“Tell the truth.” We’re taught that from a very young age, by parents, teachers, relatives and anyone attempting to instill a degree of moral fortitude. However, as we all know, the truth hurts both others and ourselves and, as we grow older, we must learn to rapidly balance the damage of truth against a lie and also the benefit.
Indeed, it’s a widely accepted fact of social interaction that a degree of dishonesty must be employed in order to maintain harmony and civility. If an acquaintance asks how you are in passing, they’re not expecting you to actually tell them about your recent digestive issues and, likewise, how many friends have you told their babies are cute?
Henry Taylor, the British statesman, once said,
“Falsehood ceases to be falsehood when it is understood on all sides that the truth is not expected to be spoken”
These falsehoods, employed for the sake of gain or saving the feelings of others, can go by another name: Bluffs.
Lexico defines bluff as “[being able to] survive a difficult situation by maintaining a pretense” and reveals the origins of the word:
Late 17th century (originally in the sense ‘blindfold, hoodwink’): from Dutch bluffen ‘brag’, or bluff ‘bragging’. The current sense (originally US, mid 19th century) originally referred to bluffing in the game of poker.
So, what can we learn from the world of poker to make our lives better? Can a game of guile, chance and fortune help us to live better lives, form better relationships and achieve our goals?
Be selective with your bluffs
The best poker players won’t play every hand they’re dealt and you shouldn’t either, it makes you too easy to read. It’s better to save your bluffs for those moments that offer a better chance of a return, either for you or someone else.
Know when to walk away but also know when to stretch the truth to attain your goals and the goals of others around you and to protect peoples’ feelings!
Don’t spread your bluffs too thin
The more people you bluff, the greater the chance of being found out. Limit your bluffing to relatively small groups of people and you’re much less likely to be found out.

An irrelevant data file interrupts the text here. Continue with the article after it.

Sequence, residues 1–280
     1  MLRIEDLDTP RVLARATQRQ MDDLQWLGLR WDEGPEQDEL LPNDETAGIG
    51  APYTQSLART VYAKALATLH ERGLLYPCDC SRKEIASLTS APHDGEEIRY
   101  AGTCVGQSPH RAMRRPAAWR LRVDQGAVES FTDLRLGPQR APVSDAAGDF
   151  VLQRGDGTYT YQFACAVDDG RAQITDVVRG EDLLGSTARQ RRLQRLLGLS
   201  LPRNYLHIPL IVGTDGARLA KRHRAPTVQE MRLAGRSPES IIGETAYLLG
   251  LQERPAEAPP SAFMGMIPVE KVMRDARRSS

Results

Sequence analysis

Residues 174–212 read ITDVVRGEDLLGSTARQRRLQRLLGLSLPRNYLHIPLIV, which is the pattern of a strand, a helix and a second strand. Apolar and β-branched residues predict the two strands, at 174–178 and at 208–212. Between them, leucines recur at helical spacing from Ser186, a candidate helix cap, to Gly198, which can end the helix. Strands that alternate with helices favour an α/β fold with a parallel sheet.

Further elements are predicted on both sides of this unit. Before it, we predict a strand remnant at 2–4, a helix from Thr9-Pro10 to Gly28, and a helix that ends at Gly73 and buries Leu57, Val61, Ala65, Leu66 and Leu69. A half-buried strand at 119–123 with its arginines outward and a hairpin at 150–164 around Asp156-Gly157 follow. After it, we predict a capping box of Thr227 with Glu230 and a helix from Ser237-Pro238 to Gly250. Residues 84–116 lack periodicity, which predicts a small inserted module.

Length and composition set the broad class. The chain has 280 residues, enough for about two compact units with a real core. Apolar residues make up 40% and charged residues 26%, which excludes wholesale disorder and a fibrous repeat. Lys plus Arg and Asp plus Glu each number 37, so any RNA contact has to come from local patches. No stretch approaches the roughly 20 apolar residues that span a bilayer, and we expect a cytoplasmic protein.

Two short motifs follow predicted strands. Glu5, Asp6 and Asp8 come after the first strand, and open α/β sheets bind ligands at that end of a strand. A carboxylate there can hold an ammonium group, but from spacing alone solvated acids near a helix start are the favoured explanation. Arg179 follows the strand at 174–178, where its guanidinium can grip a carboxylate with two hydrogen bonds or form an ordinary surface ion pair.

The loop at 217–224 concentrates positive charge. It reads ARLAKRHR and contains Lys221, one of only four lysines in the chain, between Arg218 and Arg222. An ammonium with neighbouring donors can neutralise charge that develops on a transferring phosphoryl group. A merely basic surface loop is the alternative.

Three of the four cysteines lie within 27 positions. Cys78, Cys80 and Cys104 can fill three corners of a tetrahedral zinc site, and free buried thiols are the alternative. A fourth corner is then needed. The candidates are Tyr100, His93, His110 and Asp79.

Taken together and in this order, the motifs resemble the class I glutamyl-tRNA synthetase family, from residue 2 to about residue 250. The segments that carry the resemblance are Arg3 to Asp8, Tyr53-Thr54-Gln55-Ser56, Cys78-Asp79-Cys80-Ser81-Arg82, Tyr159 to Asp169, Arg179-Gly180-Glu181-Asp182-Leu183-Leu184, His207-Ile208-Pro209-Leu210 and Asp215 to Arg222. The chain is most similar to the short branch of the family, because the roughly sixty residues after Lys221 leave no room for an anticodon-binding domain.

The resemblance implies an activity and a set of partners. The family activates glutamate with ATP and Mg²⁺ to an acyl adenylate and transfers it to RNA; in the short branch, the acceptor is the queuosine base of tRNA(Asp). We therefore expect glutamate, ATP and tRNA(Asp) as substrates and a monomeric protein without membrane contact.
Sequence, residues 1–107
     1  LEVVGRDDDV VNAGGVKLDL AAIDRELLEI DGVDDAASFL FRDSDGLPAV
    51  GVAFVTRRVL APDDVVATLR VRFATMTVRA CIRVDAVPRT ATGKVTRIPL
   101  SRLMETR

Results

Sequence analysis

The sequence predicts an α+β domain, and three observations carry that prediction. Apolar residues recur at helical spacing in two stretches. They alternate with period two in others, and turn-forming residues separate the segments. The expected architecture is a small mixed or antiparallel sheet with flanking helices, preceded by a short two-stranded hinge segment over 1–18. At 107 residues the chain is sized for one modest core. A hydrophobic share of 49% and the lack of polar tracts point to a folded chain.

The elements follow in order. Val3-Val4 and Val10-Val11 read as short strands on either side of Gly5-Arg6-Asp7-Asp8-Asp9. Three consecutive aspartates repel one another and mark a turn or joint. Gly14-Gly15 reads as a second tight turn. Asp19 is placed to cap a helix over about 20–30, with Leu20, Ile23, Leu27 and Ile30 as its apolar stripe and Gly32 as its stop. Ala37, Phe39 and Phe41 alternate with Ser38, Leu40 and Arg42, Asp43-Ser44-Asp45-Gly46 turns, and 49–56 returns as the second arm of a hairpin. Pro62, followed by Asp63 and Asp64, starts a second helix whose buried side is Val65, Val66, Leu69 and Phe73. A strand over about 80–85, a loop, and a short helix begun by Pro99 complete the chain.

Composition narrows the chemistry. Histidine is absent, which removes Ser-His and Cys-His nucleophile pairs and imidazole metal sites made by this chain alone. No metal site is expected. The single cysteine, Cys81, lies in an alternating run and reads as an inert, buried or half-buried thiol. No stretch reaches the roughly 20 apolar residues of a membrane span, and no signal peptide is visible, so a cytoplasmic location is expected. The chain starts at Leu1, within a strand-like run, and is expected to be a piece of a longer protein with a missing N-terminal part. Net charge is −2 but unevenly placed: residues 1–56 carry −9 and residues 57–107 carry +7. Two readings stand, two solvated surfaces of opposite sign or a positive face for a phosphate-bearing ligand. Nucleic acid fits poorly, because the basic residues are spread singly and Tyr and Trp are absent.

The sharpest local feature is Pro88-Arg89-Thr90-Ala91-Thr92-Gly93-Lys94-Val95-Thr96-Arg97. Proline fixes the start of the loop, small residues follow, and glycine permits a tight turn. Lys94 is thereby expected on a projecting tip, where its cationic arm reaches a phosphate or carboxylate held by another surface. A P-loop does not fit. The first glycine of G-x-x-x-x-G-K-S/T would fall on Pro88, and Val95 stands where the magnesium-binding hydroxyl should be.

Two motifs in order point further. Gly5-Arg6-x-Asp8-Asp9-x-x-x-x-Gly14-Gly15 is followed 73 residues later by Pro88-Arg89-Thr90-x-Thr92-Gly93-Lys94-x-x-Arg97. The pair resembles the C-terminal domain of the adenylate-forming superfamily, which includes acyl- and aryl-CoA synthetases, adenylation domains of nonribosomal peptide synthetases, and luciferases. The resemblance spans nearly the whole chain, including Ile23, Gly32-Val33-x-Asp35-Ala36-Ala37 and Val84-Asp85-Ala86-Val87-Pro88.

Bluffing with large groups of people increases the risk of exposure, so balance the likely reward or saving with the difficulty of spinning multiple plates.
Don’t bluff the inexperienced
Basically, don’t take advantage of people!
Also, bear in mind that those with less experience or capacity to understand the adult world are more likely to call you out, as their perception of truth and honesty (and how their bending can benefit themselves and others) is not the same as yours.
Half bluffs are handy too
Ever find yourself in a situation where you’re not totally in the dark, but also not totally clued up? These moments call for the half bluff.
A prime example of half bluffing might be to cover your partial knowledge of popular culture. For example: You might find yourself at a bar with a group of friends who are ploughing their way through the Game of Thrones book series – If you’ve only seen the TV version then you can join the conversation and appear knowledgeable, even though you’re own only operating with limited information.
So, you’ve probably figured out by now that the answer to this articles titular question is, “Yes, poker bluffing is useful in day to day life” and you probably do it more often than you think or even know!